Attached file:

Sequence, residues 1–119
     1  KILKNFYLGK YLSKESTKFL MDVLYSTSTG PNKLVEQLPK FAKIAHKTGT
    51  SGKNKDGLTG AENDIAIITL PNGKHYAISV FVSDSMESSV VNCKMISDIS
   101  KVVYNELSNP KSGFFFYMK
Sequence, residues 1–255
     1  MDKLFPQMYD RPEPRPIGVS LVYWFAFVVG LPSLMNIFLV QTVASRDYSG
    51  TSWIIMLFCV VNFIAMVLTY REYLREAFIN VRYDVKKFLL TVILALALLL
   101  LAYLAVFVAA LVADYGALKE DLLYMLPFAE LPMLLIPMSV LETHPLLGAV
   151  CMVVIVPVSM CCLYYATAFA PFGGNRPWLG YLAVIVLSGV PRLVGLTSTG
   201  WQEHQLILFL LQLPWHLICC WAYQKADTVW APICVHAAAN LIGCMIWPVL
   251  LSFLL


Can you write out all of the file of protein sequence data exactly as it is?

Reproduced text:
Sequence, residues 1–119
     1  KILKNFYLGK YLSKESTKFL MDVLYSTSTG PNKLVEQLPK FAKIAHKTGT
    51  SGKNKDGLTG AENDIAIITL PNGKHYAISV FVSDSMESSV VNCKMISDIS
   101  KVVYNELSNP KSGFFFYMK
Sequence, residues 1–255
     1  MDKLFPQMYD RPEPRPIGVS LVYWFAFVVG LPSLMNIFLV QTVASRDYSG
    51  TSWIIMLFCV VNFIAMVLTY REYLREAFIN VRYDVKKFLL TVILALALLL
   101  LAYLAVFVAA LVADYGALKE DLLYMLPFAE LPMLLIPMSV LETHPLLGAV
   151  CMVVIVPVSM CCLYYATAFA PFGGNRPWLG YLAVIVLSGV PRLVGLTSTG
   201  WQEHQLILFL LQLPWHLICC WAYQKADTVW APICVHAAAN LIGCMIWPVL
   251  LSFLL